All About Me …

Icarus by Brueghel (my interpretation)



This week in class, we reviewed W.H. Auden’s poetic interpretation of Icarus by Brueghel. Though the story and of course Auden’s poem are hotly debated, my take on both are quite simplistic. The story of Icarus is essentially the fall of Icarus. Why did Icarus fall? Well, Icarus fell because he was flying too close to the Sun and his father warned him not to, because his wings would melt. Ignoring his father, Icarus did as he pleased and flew as close to the Sun as he liked; as a result, his wings began to melt and he fell into the sea. Of course, readers could place this tale under “Scientific Investigation” but that would be highly unnecessary. See, Icarus fell into the sea because his wings began to melt. His wings began to melt because he flew too close to the sun. He flew too close to the Sun because he was arrogant and disobeyed his father. The moral of this story, as I said earlier is “quite simplistic.” Icarus fell because of his deliberate disobedience and his obvious arrogance. Why did he disobey his father in the first place? Why did he behave so arrogantly? Hmmm … these questions also have simple explanations. You see, during teenage and young adulthood, this is a time in which youth are highly rebellious. This is the time that we think we know everything about everything, and no one can tell us anything. That is a cautionary tale for youth, according to Brueghel, but then again there is Auden’s elaboration on the tale. In Auden’s poem, “Musee des Beaux Arts,” he has another side to tell. Auden references the “aged” a few times in the poem. The “aged” are the “wise.” The “aged” await the fall of youth. The “aged” are wise enough to know that this time will come if the young do not tread lightly and take valuable advice. In the line, “Children who did not specially want it to happen, skating/On a pond at the edge of the wood:,” Auden depicts the mindset of the young as vicarious and a bit foolish. Skating on a pond is already a dangerous act but skating on a pond towards the edge of a wood is much farther away from the protection of others. The farther one skates, the farther out of sight they are. I believe this metaphor is intended to scold the young for their ignorance and reckless behavior. This is the same behavior that Icarus exhibited, by ignoring the wise words of his father and flying too close to the Sun. Auden essentially says in the poem that if the young do not listen to the wise and accept advice, they will all fall. Like the ploughman who considered Icarus’ fall to not be, “an important failure,” the young will be cast aside and overlooked for this disrespect and disregard.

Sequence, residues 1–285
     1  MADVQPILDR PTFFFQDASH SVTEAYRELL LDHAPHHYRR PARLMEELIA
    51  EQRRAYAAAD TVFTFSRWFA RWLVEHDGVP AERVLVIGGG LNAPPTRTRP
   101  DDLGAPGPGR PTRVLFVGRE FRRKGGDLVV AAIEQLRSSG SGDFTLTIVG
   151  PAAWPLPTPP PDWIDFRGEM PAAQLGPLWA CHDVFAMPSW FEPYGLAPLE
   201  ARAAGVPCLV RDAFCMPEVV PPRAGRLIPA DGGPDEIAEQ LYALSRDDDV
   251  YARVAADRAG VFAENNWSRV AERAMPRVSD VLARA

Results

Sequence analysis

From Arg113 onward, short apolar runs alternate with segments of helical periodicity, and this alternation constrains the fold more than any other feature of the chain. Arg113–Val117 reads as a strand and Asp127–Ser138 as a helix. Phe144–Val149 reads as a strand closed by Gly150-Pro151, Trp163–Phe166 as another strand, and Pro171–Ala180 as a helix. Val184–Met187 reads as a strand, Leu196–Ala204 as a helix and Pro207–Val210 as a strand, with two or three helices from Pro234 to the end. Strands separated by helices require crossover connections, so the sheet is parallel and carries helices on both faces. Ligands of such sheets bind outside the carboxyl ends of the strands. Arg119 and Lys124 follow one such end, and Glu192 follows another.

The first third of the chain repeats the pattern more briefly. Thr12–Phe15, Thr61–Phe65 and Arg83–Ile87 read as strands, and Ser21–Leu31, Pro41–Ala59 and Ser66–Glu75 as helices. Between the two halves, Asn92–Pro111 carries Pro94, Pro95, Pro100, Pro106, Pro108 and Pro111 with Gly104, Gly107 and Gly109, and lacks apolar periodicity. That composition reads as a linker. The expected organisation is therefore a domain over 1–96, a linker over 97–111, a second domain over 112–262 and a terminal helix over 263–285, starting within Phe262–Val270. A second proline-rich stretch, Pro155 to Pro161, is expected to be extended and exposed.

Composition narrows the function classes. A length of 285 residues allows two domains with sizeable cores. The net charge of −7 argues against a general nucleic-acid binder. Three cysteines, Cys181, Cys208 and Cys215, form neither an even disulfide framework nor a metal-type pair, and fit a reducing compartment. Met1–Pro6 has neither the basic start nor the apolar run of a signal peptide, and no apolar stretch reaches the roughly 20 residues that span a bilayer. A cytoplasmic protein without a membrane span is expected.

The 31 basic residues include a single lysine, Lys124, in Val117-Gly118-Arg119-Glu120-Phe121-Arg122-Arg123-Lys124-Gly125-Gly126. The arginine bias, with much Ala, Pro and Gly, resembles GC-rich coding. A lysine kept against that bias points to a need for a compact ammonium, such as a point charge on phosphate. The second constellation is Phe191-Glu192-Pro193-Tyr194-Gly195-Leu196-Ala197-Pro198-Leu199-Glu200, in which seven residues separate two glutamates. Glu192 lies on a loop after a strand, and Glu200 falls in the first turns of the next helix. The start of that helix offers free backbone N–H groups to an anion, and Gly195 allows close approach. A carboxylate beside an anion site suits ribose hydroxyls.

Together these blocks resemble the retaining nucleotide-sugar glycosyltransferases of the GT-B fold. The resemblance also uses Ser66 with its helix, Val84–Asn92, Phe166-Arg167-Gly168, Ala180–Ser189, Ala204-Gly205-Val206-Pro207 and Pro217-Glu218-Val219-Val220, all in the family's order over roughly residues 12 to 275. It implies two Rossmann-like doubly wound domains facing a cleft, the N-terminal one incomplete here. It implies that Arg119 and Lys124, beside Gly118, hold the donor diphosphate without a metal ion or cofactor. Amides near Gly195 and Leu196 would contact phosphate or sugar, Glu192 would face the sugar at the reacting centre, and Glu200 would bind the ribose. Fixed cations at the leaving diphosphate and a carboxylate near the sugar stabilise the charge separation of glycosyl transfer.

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This entry was posted on September 27, 2013 by in Who are you?.
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